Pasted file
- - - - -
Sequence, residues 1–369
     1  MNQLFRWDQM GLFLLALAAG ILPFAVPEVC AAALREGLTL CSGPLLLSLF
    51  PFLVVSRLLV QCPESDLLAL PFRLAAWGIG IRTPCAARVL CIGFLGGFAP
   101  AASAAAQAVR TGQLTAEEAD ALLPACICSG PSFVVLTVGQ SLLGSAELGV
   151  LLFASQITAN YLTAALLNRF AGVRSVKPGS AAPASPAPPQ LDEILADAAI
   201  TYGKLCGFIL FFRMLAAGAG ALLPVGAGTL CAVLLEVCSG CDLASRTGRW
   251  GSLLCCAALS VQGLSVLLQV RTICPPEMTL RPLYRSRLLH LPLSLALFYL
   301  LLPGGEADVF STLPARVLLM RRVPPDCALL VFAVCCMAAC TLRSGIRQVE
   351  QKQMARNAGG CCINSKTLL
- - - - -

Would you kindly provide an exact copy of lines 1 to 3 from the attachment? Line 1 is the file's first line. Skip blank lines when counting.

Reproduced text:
Sequence, residues 1–369
     1  MNQLFRWDQM GLFLLALAAG ILPFAVPEVC AAALREGLTL CSGPLLLSLF
    51  PFLVVSRLLV QCPESDLLAL PFRLAAWGIG IRTPCAARVL CIGFLGGFAP